Adams, Ampry-Samuel, Myrie Say Don’t Forget Brownsville On Vision Zero

Brooklyn Borough President Eric Adams, City Council Member Alicka Ampry-Samuel (D-Brownsville) and State Sen. Zellnor Myrie (D-Brownsville) yesterday demanded the de Blasio Administration put as much attention on bicycle safety and his Vision Zero program into communities of color as he does in Brownstone Brooklyn.

The lawmakers made their remarks before, during and after a vigil yesterday for 57-year-old cyclist Ernest Askew, who was struck killed by an 18-year-old driver last week between Chester Street and Sutter Avenue. The event’s attendance at the accident site included multiple bike riders, pedestrian and cyclist activists, and elected officials to advocate for protected lanes and streets for low-income communities of color such as Brownsville and East New York.

Vision Zero, a program the de Blasio Administration created, intends to reduce and eliminate traffic deaths and injuries through criminalizing drivers, speed limit reduction, and more repair for traffic signals and signs. 

Brooklyn Borough President Eric Adams.
State Senator Zellnor Myrie
State Senator Zellnor Myrie
Alicka Ampry-Samuel
City Council Member Alicka Ampry-Samuel

“Vision Zero cannot be a bumper sticker, it has to be a reality. As we were preparing to gather Monday evening to mourn Ernest Askew, a cyclist who was killed in Brownsville last Thursday, we heard that yet another cyclist, Devra  Freelander, was killed in Bushwick. These losses are tragic and preventable. But they take political will. Safe streets conversations can’t only be in Park Slope, Cobble Hill, and Manhattan. Brownsville and East New York deserve the same level of attention on street redesigns and safe cycling infrastructure. We grieve these deaths, and will resolve to redouble our efforts to make streets safer for everyone,” said Adams.

Myrie said the uptick in bicyclist deaths has not discriminated by age, race, or gender but that certain communities have protected bike lanes, and others do not.

“This was a grave tragedy that compounds the built-in racism and classism that is our transportation system as it exists right now. In Brownsville we have subway stations that don’t have elevators, we have buses that are still using diesel fuel. We do not have the public transportation options that we deserve and when we encourage people to utilize bicycles and alternative forms of transportation, they are taking their life into their own hands every time they get on that seat,” said Myrie.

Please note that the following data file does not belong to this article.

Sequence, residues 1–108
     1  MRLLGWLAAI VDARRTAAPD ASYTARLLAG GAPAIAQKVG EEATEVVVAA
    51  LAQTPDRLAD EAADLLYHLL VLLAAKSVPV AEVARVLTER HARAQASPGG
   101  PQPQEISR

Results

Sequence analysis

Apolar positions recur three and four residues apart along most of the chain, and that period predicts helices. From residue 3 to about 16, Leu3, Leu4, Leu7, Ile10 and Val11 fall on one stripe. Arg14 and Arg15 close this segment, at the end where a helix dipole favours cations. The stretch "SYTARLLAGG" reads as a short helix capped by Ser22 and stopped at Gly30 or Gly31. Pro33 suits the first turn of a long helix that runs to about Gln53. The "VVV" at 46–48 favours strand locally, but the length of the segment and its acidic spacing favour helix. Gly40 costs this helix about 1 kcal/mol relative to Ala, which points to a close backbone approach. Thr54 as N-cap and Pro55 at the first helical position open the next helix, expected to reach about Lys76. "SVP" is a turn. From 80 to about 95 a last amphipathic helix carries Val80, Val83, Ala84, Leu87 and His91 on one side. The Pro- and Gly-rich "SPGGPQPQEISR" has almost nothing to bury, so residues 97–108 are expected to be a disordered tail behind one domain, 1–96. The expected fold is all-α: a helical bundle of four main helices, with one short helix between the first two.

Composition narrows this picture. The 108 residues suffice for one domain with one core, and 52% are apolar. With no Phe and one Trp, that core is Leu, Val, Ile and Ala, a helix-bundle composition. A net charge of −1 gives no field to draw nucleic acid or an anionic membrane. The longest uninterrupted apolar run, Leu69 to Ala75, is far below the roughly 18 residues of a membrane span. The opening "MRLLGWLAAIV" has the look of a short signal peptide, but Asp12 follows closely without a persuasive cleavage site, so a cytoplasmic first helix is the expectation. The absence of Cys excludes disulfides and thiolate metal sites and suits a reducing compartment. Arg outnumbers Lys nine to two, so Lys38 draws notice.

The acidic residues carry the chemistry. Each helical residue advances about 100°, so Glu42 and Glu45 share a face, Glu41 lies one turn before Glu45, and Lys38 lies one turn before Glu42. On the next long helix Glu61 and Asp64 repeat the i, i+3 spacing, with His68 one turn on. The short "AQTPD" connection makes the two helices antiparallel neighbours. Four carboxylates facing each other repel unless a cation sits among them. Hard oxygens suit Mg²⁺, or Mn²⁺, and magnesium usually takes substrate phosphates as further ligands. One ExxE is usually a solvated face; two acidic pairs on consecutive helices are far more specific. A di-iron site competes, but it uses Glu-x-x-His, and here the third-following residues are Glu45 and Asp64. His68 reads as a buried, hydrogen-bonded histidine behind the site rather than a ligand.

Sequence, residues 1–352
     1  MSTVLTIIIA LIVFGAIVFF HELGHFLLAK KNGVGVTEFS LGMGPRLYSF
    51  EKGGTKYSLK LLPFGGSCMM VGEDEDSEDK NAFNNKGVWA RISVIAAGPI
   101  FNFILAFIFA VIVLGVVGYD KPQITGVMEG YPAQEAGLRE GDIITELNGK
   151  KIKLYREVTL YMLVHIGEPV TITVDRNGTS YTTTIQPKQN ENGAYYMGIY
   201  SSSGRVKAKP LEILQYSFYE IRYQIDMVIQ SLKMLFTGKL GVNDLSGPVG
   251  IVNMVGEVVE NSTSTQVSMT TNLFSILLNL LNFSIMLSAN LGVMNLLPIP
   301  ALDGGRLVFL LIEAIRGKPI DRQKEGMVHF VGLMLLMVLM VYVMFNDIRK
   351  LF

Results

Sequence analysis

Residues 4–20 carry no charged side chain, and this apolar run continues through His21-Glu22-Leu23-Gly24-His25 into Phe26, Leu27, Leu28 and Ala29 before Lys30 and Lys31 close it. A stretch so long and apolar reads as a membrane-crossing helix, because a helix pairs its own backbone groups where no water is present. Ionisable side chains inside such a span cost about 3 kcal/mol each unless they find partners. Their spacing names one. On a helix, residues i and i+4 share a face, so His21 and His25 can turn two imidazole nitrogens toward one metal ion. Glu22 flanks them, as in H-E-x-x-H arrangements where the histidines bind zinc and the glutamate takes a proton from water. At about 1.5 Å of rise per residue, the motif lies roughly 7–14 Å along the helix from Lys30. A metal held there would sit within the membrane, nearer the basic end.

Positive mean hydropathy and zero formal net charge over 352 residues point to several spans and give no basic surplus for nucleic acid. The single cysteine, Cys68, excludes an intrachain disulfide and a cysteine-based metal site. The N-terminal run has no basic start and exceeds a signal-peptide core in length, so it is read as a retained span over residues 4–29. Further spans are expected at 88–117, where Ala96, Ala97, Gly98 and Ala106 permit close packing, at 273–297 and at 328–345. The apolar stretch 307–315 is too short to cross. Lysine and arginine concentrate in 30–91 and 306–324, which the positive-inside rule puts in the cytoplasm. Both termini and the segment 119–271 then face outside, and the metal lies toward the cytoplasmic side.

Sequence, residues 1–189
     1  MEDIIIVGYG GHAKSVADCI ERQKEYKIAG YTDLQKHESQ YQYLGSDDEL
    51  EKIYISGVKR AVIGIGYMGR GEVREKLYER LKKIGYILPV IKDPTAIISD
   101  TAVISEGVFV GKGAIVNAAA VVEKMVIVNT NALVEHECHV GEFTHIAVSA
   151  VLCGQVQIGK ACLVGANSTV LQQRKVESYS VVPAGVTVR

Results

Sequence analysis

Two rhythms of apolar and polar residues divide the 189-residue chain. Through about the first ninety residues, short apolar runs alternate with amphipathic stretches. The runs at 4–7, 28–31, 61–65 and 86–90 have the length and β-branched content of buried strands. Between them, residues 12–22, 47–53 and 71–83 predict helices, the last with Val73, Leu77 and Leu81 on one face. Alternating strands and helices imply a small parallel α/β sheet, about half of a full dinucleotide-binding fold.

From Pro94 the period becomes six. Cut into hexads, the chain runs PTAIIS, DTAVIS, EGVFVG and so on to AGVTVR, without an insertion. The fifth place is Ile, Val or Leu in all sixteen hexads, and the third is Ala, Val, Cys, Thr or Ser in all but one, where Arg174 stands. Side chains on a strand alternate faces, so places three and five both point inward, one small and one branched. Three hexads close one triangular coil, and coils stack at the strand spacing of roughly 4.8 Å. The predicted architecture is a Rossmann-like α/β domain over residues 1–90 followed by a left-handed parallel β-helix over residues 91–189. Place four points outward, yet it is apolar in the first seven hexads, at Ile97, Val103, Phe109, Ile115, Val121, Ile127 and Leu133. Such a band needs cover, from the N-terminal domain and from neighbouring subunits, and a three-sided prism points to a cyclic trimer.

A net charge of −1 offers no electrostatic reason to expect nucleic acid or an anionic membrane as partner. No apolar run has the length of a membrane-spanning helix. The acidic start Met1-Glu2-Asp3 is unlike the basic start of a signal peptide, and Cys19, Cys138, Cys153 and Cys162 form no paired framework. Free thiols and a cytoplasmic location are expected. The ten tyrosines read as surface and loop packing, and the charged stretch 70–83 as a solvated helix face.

Ampry-Samuel said the de Blasio Administration is focussed too much on development and not enough on developing sensible infrastructure including for cyclists.

This seven-way intersection in Brownsville has vexed community residents for years and the city has done nothing to improve its conditions. From Google maps.

Specifically, Ampry-Samuel pointed to the seven-way intersection where Howard, East New York and Pikin avenues and Kings Highway all meet in Brownsville.

“I have stood on the corner with Families for Safety and called on the DOT (Department of Transportation) to come in and do a revisioning of that intersection and possibly create a traffic circle, which is also near a new development going up,” said Ampry-Samuel. “But HPD (Department of Housing Preservation and Development) is not working with DOT on these related issues. We need a better job collaborating efforts across all agencies to make sure we have a real community development plan and not just affordable housing.

Advocates at the vigil said since January 2019, there has been a record of 15 fatal bike crashes in the city. In all of 2018, there were 10.

Advocates noted that currently, low-income neighborhoods like Brownsville and East New York have one shared road space for cyclists and drivers, causing the frequency in crashes.

John Santiago, a survivor of a severe bike crash years ago, gave a testimony on his experience with the trauma suffered from the accident alongside his children.

“When I was in my coma, my parents were preparing my funeral arrangements,” said Santiago, wrestling with sadness. “This accident, this crash, is an egregious inaction by the city government”. 

Cyclists held up their bikes in the air to commemorate the fallen victims of bike crashes in a moment of silence including Askew.

Askew died of his injuries sustained from the bike crash last Thursday at Brookdale Hospital. His memorial and plaque is placed near the sight of the crash.

More from Around New York